By Sharon Hoyer
Most every artist does battle with the beasts of ego: anxiety, embarrassment, fear and, in the case of performers, awkwardness. Instead of fleeing or subduing them, Jonathan Meyer has chosen to take out the scalpel and better know his enemy. His three-part, yearlong Home series emerged as a courageous unpacking of the things that make Meyer uncomfortable as an artist, then abstracted to allow audiences interpretive space. In this final installment, Meyer performs solo, at times nude, in a dusty, sandy, 15,000-square-foot construction site in Pilsen, moving to a score by his collaborator Christopher Preissing. A quartet of female vocalists, a multi-track recording composed from field recordings and Meyer’s voice, and a murmuring, cheering, whispering Greek chorus create an aural atmosphere intended to heighten the experience of witnessing the performer alone—what Preissing and Meyer call a sound-movement opera. The audience is taken on a journey through the space, given license to stand and observe from the vantage point of their choice. I spoke with Meyer on the phone about this final installment, entitled “Whence.”
How does the subject matter of personal awkwardness and embarrassment work in an intimate, collaborative context?
I think that when I first approached Chris he had a certain level of discomfort with the text. He made a choice to de-personalize the stuff I was dealing with. We also have a long and crazy working relationship. I think the difference in media allowed space for how to work with that. We’d talk about ideas abstractly and work separately then come together and see how things were working.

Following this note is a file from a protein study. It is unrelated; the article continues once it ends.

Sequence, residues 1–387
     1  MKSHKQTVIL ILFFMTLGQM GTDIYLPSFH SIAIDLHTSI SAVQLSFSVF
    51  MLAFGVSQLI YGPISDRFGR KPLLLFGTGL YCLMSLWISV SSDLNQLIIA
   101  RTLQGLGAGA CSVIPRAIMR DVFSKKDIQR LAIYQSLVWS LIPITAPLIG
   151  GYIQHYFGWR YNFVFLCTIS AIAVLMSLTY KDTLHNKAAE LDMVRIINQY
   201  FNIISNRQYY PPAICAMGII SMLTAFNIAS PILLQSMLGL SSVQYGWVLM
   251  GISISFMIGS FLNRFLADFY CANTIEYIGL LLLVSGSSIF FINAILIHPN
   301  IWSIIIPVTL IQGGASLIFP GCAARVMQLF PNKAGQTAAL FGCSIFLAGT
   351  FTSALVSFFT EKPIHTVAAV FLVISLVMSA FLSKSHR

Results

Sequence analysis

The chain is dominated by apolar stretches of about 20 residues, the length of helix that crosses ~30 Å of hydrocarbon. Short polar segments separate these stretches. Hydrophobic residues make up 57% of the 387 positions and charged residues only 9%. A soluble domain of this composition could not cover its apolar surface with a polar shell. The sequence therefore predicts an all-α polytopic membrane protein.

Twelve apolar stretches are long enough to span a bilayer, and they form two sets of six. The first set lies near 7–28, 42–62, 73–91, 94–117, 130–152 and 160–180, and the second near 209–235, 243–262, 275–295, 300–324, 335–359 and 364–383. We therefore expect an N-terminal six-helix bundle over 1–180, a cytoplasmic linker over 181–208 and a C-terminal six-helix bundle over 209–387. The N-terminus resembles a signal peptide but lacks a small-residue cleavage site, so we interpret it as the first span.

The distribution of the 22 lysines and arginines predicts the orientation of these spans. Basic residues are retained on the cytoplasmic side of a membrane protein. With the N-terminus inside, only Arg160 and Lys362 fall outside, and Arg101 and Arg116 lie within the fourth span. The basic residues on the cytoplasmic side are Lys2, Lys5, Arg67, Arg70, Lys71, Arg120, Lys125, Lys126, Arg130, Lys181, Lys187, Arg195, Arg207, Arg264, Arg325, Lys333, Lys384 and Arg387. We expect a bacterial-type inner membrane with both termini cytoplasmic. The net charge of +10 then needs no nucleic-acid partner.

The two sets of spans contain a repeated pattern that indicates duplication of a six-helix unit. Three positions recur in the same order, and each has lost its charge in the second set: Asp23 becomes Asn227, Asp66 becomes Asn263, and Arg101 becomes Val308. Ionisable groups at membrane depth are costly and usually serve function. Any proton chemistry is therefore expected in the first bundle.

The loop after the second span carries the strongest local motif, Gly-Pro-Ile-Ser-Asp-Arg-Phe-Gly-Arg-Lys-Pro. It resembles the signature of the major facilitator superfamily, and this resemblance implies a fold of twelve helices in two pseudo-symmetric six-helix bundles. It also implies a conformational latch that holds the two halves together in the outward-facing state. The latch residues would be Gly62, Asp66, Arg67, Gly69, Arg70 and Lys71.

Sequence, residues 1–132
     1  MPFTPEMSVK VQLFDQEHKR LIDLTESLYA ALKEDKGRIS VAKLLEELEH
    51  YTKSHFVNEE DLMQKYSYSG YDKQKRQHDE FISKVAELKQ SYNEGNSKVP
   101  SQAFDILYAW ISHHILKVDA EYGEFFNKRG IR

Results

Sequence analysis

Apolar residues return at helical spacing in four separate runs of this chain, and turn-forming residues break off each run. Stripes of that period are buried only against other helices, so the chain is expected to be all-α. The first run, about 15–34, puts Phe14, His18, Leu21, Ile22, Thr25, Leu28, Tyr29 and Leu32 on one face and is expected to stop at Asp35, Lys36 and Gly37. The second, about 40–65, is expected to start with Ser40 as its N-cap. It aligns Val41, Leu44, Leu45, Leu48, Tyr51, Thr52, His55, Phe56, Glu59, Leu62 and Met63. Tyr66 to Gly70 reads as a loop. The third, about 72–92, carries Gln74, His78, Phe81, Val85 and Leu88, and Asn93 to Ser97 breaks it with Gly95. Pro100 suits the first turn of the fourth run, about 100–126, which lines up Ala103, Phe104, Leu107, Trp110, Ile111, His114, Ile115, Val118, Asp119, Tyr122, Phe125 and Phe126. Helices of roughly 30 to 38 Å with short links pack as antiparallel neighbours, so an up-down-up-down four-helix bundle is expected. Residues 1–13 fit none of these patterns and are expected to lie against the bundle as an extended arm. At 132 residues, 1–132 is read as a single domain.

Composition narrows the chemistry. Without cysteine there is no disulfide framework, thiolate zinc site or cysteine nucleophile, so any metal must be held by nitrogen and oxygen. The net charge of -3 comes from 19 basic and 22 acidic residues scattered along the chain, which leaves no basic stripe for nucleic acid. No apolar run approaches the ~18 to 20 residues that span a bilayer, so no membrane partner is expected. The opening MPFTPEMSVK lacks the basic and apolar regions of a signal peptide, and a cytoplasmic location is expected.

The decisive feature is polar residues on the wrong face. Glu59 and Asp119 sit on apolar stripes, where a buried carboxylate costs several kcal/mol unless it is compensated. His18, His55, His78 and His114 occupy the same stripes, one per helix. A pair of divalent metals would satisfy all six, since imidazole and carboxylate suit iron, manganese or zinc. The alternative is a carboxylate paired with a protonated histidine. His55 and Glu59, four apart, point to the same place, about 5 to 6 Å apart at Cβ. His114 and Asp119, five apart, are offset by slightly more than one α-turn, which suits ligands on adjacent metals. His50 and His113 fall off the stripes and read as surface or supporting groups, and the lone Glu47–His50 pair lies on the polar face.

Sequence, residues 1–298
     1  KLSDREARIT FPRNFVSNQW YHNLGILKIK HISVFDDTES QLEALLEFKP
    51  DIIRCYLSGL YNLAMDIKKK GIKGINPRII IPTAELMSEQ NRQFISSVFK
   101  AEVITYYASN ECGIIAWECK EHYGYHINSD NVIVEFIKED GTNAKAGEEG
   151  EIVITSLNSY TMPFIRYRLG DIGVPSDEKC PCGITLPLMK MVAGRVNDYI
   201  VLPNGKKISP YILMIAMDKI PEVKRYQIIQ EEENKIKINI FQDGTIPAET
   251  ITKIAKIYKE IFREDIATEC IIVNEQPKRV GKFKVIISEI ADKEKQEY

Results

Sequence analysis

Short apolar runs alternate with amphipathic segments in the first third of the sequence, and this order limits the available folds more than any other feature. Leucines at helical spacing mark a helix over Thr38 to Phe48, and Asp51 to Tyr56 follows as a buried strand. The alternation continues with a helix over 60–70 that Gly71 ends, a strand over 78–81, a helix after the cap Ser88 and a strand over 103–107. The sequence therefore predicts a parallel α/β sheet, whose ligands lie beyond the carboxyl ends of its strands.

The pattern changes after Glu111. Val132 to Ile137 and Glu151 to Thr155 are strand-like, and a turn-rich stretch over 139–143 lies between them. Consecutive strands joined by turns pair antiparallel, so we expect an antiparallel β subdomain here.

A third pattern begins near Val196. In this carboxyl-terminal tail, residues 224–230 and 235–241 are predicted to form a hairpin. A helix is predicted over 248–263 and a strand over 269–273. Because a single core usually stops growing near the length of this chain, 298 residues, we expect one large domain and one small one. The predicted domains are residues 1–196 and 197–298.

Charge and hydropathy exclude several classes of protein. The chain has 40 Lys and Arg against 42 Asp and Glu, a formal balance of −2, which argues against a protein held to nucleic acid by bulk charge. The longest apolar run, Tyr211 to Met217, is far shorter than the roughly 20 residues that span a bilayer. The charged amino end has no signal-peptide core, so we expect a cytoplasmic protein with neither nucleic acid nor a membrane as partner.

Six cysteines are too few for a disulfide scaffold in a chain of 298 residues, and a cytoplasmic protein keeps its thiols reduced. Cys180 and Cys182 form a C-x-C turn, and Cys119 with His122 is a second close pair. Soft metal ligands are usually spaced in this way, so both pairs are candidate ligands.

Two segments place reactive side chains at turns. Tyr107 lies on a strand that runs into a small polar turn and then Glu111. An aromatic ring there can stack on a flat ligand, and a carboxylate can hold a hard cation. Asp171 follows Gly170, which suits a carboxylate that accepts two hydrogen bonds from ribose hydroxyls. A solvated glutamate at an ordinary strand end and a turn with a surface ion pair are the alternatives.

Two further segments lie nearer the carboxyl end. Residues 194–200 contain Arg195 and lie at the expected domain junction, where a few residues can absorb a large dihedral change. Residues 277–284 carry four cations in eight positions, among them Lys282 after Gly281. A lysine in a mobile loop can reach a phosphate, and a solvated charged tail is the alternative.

Why did you decide to let the audience choose where to stand or sit?
I’m interested in challenging the audience, but I’m also interested in giving them a lot of room and freedom. For me as an audience member I appreciate that sort of thing and it helps me feel more engaged as a witness. I felt like, particularly in this space, it was an important element to offer.
And likewise, they have an effect on you and your performance. Does it present any complications when you’re developing material that has to do with voyeurism and awkwardness to have to imagine an audience and how they’ll influence you?
Yeah, it’s been interesting. The first two versions I found I was really struggling with creating the work and disliking it pretty intensely. But as soon as I got in front of the audience that shifted for me. I have some degree of the same trepidation with this work and I’m trusting that a similar thing will happen. It’s very much based on how I relate to the audience and how they relate to me. I’m trusting that will work again.
What has the exploration of unsettling yourself brought up for you personally?
It’s kind of elusive for me to put into language. I’ve explored nuance in audience/artist relationships quite a bit. One thing that has come up is the question of vulnerability and what that means. I think we have a sense of the artist’s vulnerability on stage—and I’ve done a lot to exacerbate that—but I also think there’s something to be said about an audience member’s vulnerability. That’s something that any audience member can embrace or hold at bay. As I’ve tackled discomfort for myself, I’ve become more aware of that for the audience as well. Can that offer a payoff or reward in a way that wouldn’t have been possible if the awkwardness hadn’t been present?
That was my next question: the reward.
There’s a lot of humor and enjoyable things available in the work. For myself, it’s been a real struggle. When I put myself in a situation to confront certain things, it forces me to find more resources that I wouldn’t have found if I hadn’t put myself in that circumstance. I’ve relied on improvisation a lot more heavily—it was something I used to avoid on stage. It’s still uncomfortable to me, but I’ve gotten a lot better at it. There’s a freeze you experience as you’re improvising and you feel things not going right. What do you do with that in that moment? The more I do this the more options I feel open up for me. And some of those options are a lot more interesting than ones I might have chosen otherwise.
At Lacuna Artist Loft Studios, 2150 South Canalport, second floor. September 16-18, 8pm. $18. Advance tickets at brownpapertickets.com/event/190417.